[SDS] Bad dog, Mojo

[Reading Time: 2m 28 sec]

My dog Mojo has a problem.

Well, it’s not a problem so much as a disposition, and maybe some trauma somewhere in his past. Honestly I don’t know. But he’s anxious and gets stressed out easily.

A few years ago he began to get aggressive with strangers and other dogs. He seemed stressed out. This made my wife and I stressed out. We wanted to protect him, and protect other people and dogs fromhim. We decided to send him to training camp.

Yes, there are dog sleepover camps!

Mojo’s trainer, Reuben, did a wonderful job. We trust Reuben a lot. So much so that Reuben is now the only non-family member we entrust Mojo to when we’re away.

If Reuben recommends a service provider, or a product, or just about anything else that would help Mojo, we’ll listen. We trust Reuben. He’s the expert to us in all things dogs. So when Mojo got stung by a bee and Reuben took him to the local emergency pet clinic, we trusted that clinic. Why? Because Reuben trusted the clinic, and we trusted Reuben.

 
Trust - Reuben.png
 

I’ve been flirting with this idea of “trust transitivity” for a while. Remember the transitive property in math?

If A is greater than B, and B is greater than C, then A must be greater than C.

Trust works just like that, but it’s a little more complicated. While I trust Reuben as a dog expert, I won’t be asking him for advice in growing my podcast or writing better emails to you every day. That’s not his jam.

This is why referral relationships are so important to you and your business: people who’ve already built trust with you will recommend others who might need your help. There’s nothing more powerful than that! Well actually…

There are also network effects that can promote trust and accelerate referrals. I wrote recently about how I monetized my podcast. The reason advertisers buy in is they want to take advantage of the network I’ve created. Listeners (and readers like you!) trust me when it comes to sales, and so listeners will implicitly trust my advertisers to some degree because they get my implicit endorsement. Of course listeners know that ads are paid endorsements, so that counteracts trust a little bit, but you get it.

This is a clear demonstration of the monetary value of trust. 

I’ve been flirting with this idea of “trust transitivity” for a while. Remember the transitive property in math? 

If A is greater than B, and B is greater than C, then A must be greater than C.

Trust works just like that, but it’s a little more complicated. While I trust Reuben as a dog expert, I won’t be asking him for advice in growing my podcast or writing better emails to you every day. That’s not his jam.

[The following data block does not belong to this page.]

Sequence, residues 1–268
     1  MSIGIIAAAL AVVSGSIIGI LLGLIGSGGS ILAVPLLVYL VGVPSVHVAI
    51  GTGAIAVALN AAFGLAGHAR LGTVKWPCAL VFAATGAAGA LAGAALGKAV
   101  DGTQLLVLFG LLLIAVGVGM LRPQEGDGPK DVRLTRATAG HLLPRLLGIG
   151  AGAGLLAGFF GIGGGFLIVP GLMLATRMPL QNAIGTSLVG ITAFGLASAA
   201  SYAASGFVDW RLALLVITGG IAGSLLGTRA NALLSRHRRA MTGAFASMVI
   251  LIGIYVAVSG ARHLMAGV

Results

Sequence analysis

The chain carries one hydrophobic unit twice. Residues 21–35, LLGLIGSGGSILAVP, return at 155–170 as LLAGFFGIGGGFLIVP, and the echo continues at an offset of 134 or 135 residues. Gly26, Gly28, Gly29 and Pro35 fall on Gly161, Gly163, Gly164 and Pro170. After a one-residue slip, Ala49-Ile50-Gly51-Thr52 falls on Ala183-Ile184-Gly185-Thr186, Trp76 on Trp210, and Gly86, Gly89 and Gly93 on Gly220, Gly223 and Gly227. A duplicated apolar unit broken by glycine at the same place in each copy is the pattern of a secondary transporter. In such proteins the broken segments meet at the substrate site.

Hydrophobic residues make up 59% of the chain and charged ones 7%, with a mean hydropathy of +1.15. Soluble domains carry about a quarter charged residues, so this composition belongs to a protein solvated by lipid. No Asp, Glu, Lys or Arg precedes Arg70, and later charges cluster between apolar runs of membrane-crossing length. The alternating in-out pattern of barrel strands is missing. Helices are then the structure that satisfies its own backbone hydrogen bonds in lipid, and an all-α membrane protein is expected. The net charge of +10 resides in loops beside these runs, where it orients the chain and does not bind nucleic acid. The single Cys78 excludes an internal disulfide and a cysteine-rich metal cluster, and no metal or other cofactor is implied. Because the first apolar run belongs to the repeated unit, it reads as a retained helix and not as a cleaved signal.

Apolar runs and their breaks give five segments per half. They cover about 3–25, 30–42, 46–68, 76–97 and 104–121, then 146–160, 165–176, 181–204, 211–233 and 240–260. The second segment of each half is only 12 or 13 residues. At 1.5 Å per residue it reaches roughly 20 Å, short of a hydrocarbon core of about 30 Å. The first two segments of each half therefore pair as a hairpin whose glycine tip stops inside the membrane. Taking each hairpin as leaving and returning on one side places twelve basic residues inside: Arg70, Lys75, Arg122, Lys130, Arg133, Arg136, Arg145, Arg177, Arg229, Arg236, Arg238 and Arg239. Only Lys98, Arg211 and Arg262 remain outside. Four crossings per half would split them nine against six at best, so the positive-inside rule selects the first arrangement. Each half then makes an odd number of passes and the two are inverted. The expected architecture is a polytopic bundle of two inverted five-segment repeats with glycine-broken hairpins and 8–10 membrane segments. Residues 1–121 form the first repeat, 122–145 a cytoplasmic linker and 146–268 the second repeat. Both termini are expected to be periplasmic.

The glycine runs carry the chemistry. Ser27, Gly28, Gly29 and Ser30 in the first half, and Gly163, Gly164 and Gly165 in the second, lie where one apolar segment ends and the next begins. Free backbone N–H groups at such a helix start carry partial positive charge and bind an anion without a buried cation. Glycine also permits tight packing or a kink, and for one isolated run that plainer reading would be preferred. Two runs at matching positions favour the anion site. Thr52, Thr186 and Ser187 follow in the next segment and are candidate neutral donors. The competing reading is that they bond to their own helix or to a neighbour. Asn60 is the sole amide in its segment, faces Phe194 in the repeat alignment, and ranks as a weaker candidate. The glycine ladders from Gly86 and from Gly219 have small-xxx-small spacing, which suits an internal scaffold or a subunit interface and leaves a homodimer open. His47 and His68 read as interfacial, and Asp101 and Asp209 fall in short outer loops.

This is why referral relationships are so important to you and your business: people who’ve already built trust with you will recommend others who might need your help. There’s nothing more powerful than that! Well actually…

There are also network effects that can promote trust and accelerate referrals. I wrote recently about how I monetized my podcast. The reason advertisers buy in is they want to take advantage of the network I’ve created. Listeners (and readers like you!) trust me when it comes to sales, and so listeners will implicitly trust my advertisers to some degree because they get my implicit endorsement. Of course listeners know that ads are paid endorsements, so that counteracts trust a little bit, but you get it. 

This is a clear demonstration of the monetary value of trust.

Now let’s apply this to another domain: referral relationships. I was speaking with a client as part of my professional services sales research project and his only sales strategy is to leverage client relationships that other people have built.

It looks like this:

So if you’re a CPA, attorneys are a great referral source because they’ve already built deep trust with the market. But they also have a potential network effect. Attorneys typically don’t have a single client, unless their in-house counsel. Which means they can refer to many clients. 

Let’s look at another market. If you’re a CX/UX consultancy, you’re in the business of creating amazing experiences. You might want to create relationships with software development agencies. You might also look for relationships existing trusted sources of information – i.e. industry associations that your clients belong to, or media outlets that provide education about CX/UX. 

Whatever you do, the key idea is to understand how to build and leverage trust. And since there are people out there who’ve already built it, see how you can gain their trust.

Like what you read? Sharing is caring.

Share on facebook
Facebook
Share on twitter
Twitter
Share on linkedin
LinkedIn

Ready to sell more services? Get the free crash course.

Get the free Systematic Selling Crash Course to learn the specific skills you’ll need to sell more services.

Like what you're reading?

Get updates sent straight to your inbox.

Don’t miss the latest articles, podcasts, and videos on how to attract, win, and deliver to better clients.